How Much Propane Does The Pilot Light In A Fireplace Use

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How much propane does a fireplace pilot use?

There are about 91,000 BTU in a gallon of propane. And the cost per gallon of propane is a lot higher than natural gas, floating somewhere around $3.05/gallon now. Doing the same math it would mean the pilot uses about 8 gallons of propane per month, which translates to about $24.00 in fuel cost. via

Do pilot lights use a lot of propane?

Generally speaking, a pilot light will burn around 5 to 12 therms of gas each month, depending on the appliance. This equates to about $11 to $26 per month for $2 per gallon propane. via

How much does it cost to run a gas fireplace pilot light?

– Reduced energy costs

The pilot light burns significantly less fuel than a fire but it can cost $8 to $10 a month if your fireplace is fueled by natural gas. If your fireplace is fueled by propane, it could cost up to $20 a month. via

How much gas does a fireplace pilot light burn?

How much gas does a pilot light require? Most pilot lights consume around 600 BTUs of gas every hour. If you leave your pilot light on for an entire day, it would roughly consume 14,400 BTU's every day. via

Is it OK to leave gas fireplace on overnight?

Using Your Gas Fireplace at Night

DON'T leave the unit on overnight. DO leave the flue open so that excess carbon monoxide is vented. The main concern with a gas-burning appliance is the exhaust of carbon monoxide and leaving the unit on overnight is simply risky. via

Should you leave the pilot light on in a gas fireplace?

Leaving the gas on keeps this compound moving out of the tubes. Keeping the pilot light on will also keep moisture out of the unit and in turn, help prevent corrosion. As you can see, it's probably best in most cases to extinguish the pilot light in your gas fireplace during the months when you don't need heat. via

How long will a 100 lb propane tank last for fireplace?

At a consumption rate of 26,000 BTU per hour, your 100-pound bottle will fuel your propane fireplace for about 84 hours, equivalent to 3.5 days of continuous 24/7 operation. via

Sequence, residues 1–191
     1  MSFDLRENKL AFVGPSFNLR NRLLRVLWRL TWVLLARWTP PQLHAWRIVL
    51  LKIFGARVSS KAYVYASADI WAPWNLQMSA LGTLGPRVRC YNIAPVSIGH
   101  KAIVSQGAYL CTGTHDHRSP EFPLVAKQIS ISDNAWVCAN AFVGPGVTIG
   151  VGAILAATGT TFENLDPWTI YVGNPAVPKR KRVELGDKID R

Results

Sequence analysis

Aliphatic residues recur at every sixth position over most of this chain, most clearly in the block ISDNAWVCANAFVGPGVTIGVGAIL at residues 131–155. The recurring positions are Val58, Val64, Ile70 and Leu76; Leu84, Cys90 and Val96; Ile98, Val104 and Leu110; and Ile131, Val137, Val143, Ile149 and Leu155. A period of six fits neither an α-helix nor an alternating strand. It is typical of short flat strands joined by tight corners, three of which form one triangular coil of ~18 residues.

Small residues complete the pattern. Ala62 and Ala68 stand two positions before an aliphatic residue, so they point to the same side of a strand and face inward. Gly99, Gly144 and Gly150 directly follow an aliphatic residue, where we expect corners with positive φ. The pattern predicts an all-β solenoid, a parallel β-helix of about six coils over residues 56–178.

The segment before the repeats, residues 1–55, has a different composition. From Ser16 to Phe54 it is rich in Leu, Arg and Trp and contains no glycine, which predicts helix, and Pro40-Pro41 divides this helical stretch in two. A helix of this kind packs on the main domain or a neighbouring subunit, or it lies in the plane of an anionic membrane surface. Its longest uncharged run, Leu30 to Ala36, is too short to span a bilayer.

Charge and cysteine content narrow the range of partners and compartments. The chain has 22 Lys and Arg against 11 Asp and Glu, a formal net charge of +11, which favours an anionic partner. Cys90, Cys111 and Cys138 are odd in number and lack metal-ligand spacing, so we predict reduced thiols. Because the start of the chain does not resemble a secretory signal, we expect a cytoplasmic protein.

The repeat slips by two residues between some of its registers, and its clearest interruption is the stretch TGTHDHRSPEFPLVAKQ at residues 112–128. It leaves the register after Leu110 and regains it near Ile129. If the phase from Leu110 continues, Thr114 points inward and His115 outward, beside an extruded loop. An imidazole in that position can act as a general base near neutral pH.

Should I turn off pilot light in summer?

As the weather warms up, it is time to put your gas fireplaces and furnaces to rest for the summer. Since it will be several months before you need to fire up the heat again, it is worth considering turning off your system's pilot light. via

Is it cheaper to run a gas or electric fireplace?

Electric fireplaces are cheaper in cost and installation compared to their gas-burning counterparts. While most electric fireplaces do not heat a room as fast as a gas fireplace, they are cheaper to run compared to other types of fireplaces. via

Is it cheaper to run a furnace or gas fireplace?

Operating a furnace for one hour at 75,000 -100,000 Btu cost a homeowner $1.12 - $1.49 based on last month's national average natural gas rate. By comparison, a natural gas fireplace running at 30,000 Btu per hour cost only 45 cents. via

How much does it cost to relight a pilot?

Most service providers will charge a standard fee per visit that typically covers the cost to relight a gas water heater. This service call price can range from $80 to $100. Have you ever relit your own pilot light? via

Are pilot lights always on?

The little flame you see in your gas fireplace after you have turned it off is called a pilot light. A Standing Pilot Light runs constantly, whether your fireplace is on or off. via

Should you turn off gas fireplace in summer?

Perhaps the most important reason to turn off gas fireplace pilot light in summer is because of the money and energy you will be saving. If you leave the pilot light on during the summer it is simply sitting there burning gas, which is wasting gas and contributing to an exorbitant energy bill. via

How long can you burn a gas fireplace?

Vent-free gas fireplace – these gas fireplaces work similarly to ovens and don't exhaust their fumes outside of your home. That's why they should never be left running for more than two or three hours at a time and the rooms they are in should always be well-vented themselves. via

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